Marconi is designed to support several messaging patterns, including a number of Enterprise Integration Patterns, through a combination of API semantics and message pipeline drivers. We've listed some of the more common ones below.
In this use case, you use Queues, ala SQS, to feed worker pools.
1. Producer pushes Message onto Queue
2. Worker claims Message
3. Worker processes Message
4. Message deletes (ACK’s) Message
1a. One or more Producers push several Messages onto Queue. In this case, the worker can claim batches of messages, or a single message at a time, per it’s discretion.
2a. Worker does not claim Message before it expires. Producer should be adjusted to use a higher Message TTL, or Worker should poll more frequently.
2b. There are no messages to claim, because all messages have been consumed by this or other workers. Worker continues to periodically send requests to claim messages until new messages are available. Alternatively, a governor process may choose to autoscale the worker pool based on load (which can be checked by GETting the stats for the queue, and/or monitoring whether or not individual workers are idle).
3a. Worker crashes after claiming Message, but before processing it. In this case, the claim on the message will eventually expire, after which the Message will be made available again, to be claimed by another worker.
3b. Worker crashes after processing the message, but before deleting it. In this case, the next worker to claim the message would check whether the message has already been processed before proceeding. In some cases, a rare double-processing of a message may be acceptable, in which case no check is necessary.
In this pattern, a client broadcasts events to all interested observers.
1. Publisher pushes Message X onto Queue
2. Subscriber A lists messages in Queue, gets Message X
3. Subscriber B lists messages in Queue, gets Message X
4. Subscribers A and B individually process Message X
2a. Subscriber has already listed messages in a previous round. In this case, the subscriber would submit a “next” marker to tell the server what messages it has already seen, so that the server will only return new messages to the subscriber.
2b. Subscriber does not list messages before Message X expires. In this case, the producer should be adjusted to use a higher TTL when posting messages, and/or the subscriber should poll more often.
2b. All messages have been listed. In this case, the subscriber gets an empty response, and will continue to periodically list messages using the queue’s last known marker, until it gets a non-empty response.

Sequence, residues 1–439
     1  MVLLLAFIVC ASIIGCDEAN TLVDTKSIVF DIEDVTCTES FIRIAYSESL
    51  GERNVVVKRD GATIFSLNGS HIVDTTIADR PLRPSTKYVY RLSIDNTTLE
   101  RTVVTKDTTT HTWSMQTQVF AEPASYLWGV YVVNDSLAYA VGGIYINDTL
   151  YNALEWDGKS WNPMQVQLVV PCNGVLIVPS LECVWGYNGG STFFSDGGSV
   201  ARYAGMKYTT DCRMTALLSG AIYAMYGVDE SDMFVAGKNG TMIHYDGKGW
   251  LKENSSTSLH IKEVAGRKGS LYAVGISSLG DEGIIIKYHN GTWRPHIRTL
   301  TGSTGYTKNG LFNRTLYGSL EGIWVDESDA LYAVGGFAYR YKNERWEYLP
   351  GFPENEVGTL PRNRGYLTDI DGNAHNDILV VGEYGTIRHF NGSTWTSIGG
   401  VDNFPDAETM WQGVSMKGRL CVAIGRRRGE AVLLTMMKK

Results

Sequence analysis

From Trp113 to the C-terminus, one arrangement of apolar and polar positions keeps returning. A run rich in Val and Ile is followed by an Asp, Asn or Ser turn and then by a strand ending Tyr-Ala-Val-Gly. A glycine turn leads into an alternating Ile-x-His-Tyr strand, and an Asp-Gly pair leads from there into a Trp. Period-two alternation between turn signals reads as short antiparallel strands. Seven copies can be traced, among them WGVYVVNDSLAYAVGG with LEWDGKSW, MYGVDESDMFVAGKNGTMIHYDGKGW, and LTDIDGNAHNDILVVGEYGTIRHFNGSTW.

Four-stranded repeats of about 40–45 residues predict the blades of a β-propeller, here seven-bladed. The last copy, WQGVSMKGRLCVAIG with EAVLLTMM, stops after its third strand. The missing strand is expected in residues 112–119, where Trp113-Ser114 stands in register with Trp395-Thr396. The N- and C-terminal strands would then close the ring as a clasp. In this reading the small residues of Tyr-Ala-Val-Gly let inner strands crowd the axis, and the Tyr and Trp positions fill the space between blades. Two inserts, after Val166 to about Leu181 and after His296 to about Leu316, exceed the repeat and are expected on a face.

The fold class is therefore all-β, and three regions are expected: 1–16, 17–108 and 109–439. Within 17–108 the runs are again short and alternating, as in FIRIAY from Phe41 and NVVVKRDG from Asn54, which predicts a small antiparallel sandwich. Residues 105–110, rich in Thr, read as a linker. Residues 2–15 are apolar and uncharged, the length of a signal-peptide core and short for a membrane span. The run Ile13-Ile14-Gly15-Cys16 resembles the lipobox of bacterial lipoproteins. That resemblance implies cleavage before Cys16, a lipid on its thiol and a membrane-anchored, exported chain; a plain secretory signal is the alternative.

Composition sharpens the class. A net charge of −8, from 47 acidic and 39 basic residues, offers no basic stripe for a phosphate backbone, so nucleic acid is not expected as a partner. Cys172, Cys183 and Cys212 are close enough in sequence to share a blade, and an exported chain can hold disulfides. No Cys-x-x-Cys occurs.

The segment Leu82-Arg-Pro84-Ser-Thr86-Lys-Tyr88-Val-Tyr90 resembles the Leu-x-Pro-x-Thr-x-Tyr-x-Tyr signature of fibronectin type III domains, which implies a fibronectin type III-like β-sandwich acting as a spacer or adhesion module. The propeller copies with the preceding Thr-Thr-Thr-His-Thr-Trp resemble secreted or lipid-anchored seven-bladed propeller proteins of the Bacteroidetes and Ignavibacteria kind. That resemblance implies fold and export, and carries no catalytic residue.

2c. Subscriber crashes before it can get Message X. In this case, a process monitor would simply restart the subscriber, and the subscriber would be able to get Message X as long as it is able to poll within the TTL period set by the publisher.
This is sort of like a loosely-coupled RPC pattern. In this case, each agent gets its own queue. A “queue” resource is extremely lightweight in Cloud Queues, so you can create hundreds of thousands of them as needed.
Note that bidirectional communication requires only a single queue.
1. Controller pushes Message onto Queue
2. Agent lists messages in Queue, gets Message
3. Agent performs requested action
4. Agent pushes Result Message onto Queue
5. Controller lists messages on Queue, gets Result Message
2a. Agent could claim messages, but it is slower than simply listing messages, and claiming isn’t necessary in any case since only one client is ever reading from the queue.
2b. Agent crashes before getting Message. In this case, as soon as the agent restarts, it can still get the message assuming it comes up within the TTL period set by Controller.
4a. Agent crashes before posting Result Message. The Controller will need to have a notion of a timeout period after which it no longer expects a response from its request.
4b. If not result is expected, this and the next steps are skipped.
This pattern is really a hybrid use case. The idea is that you add an additional observer that is constantly listing and recording messages in a queue. This could be a CLI “tail”-like script, or a passive server process logging everything as it comes through.
This helps in diagnosing problems/bugs in your message producers. It can also ensure that messages were processed correctly, for example, if you were using Queues as part of a metering solution and you wanted to audit your records to ensure billable events were all submitted to the billing system correctly.
That being said, having the ability to delay messages from being claim-able for a certain period of time is a feature we still need in order to make auditing work really well. After all, you need to give the auditor a chance to list the message before the worker deletes it. Today, workers *can* pause X seconds after claiming a message before deleting it, but we believe taking care of it on the producer end would be more elegant.